COURTESY OREGON DEPARTMENT OF FORESTRY - Trees that are structurally pruned when young and regularly cared for are more likely to withstand storms and remain healthy for the life of the tree. Remember, never top a tree.
Trees benefit our lives in so many ways – improving air quality, enhancing architecture, providing habitat for birds and wildlife, cleaning storm water and even reducing energy costs – but often we don’t stop to appreciate them as much as we should. With winter here it's a perfect time to review good tree care principles — both before and after storms — that will serve you best by maintaining the health of your trees and protecting home and property.

Preventive care

There's usually an interesting reason for a tree's failure. Trees that are candidates for becoming hazardous during a storm are those that have been unprotected from surrounding construction, were topped in the past, have roots cut close to the trunk or have internal decay from poor pruning practices.

Know what topping is, and avoid it. Topping – the practice of removing large branches and tops of trees – is especially likely to create a hazardous tree. Topped trees are much more likely to break or uproot in a storm than trees with normal branch structure.

You can read more about topping here:

Correct pruning practices

Develop a central dominant leader in your younger trees by identifying the stem that will make the best leader, and pruning with that in mind. Typically, the dominant leader is the largest stem. If all stems are about the same size in diameter, select the one closest to the center of the canopy to become the leader, then decide which stems are competing with it and where to shorten or remove these competing stems. This helps establish better, stronger tree structure early in the life of the tree.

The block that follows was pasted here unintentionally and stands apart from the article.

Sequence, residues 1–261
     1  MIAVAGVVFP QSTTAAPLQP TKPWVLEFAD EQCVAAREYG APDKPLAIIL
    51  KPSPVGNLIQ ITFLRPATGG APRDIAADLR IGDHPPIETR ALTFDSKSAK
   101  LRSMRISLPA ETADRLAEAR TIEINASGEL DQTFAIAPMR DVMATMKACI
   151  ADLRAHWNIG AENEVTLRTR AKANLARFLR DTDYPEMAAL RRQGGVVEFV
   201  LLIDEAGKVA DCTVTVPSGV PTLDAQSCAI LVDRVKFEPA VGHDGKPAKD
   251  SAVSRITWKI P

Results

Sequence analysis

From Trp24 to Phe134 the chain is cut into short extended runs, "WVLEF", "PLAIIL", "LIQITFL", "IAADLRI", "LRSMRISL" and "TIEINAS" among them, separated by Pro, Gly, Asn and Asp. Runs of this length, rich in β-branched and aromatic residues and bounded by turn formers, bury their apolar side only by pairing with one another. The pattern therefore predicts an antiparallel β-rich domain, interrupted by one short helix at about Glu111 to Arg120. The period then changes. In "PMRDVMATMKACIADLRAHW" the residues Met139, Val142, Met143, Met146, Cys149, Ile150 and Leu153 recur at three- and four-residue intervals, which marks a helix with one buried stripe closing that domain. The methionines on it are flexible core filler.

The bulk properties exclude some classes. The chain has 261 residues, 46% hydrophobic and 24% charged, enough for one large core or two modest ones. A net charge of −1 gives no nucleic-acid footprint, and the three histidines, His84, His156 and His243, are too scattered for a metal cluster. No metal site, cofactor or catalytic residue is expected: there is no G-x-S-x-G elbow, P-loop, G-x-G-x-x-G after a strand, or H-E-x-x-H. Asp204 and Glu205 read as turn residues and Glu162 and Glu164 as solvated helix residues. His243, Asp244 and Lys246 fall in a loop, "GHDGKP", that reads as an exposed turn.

Making careful and correct pruning cuts at the correct time of year is one of the best things you can do for your trees. Light pruning to remove smaller dead wood can be done anytime. Remember not to remove more than one-quarter of a tree’s crown in a season.

For additional pruning tips: www.treesaregood.tree owner.aspx

After the storm

Two of the most common mistakes people make when trying to clean up after a storm are trying to save trees that sustained too much damage and are likely to become hazardous, and using heavy, harmful pruning techniques on trees requiring only slight pruning. It is possible that the storm removed the weakest limbs in your trees and all you need to do now is make a clean pruning cut and clean up the debris.

If you want to clean up a damaged tree, please don’t cut broken limbs flush with the trunk; this causes terrible damage to the tree by creating an additional trunk wound. Instead, remove the branch stub by cutting it at the “collar” which often looks like a swollen area at the base of the branch.

Doing the right things after trees lose limbs or have been damaged can make the difference between giving trees a good chance of survival or losing them unnecessarily. Often, properly selecting a qualified arborist is key, even if that means waiting a little longer for service. 

Certified arborists must pass a certification exam administered by the International Society of Arboriculture (ISA), the professional society for arborists. If you're in doubt about credentials, consult your local yellow pages or the Pacific Northwest Chapter of the ISA online, at

Other tips: Use care when selecting a tree service company. Hire a company that's bonded and insured, and be cautious of those who just show up at your door. Their low prices may ultimately cost you more money in the long run.

Use Mulch

Young trees are especially vulnerable to temperature and moisture fluctuations. If you haven’t done so already, place 3 to 4 inches of dry leaves or mulch around the base of your tree – keeping the mulch several inches away from the trunk – as good insurance that both conditions can be managed during winter months.

Planting new trees

Thinking about planting a new tree when the ground thaws this spring? Now is a good time to browse through tree catalogues. Remember to plan for plenty of room for both a tree’s roots and its crown.

And make sure the tree you select has minimal potential for conflicts with overhead power lines. Dogwood, Hedge maple, Hawthorne, Magnolia and Japanese snowbell are some trees that can grow comfortably under or near power lines without conflicts.

If you placed holiday lights on your tree, remember to remove them. Also, while waiting for the soil to thaw so you can plant your new tree, a pot-full of pansies or bulbs is an enjoyable wintertime activity to enhance your balcony or front porch in the New Year.

Cynthia Orlando has a degree in forest management and is a certified arborist with the Oregon Department of Forestry.

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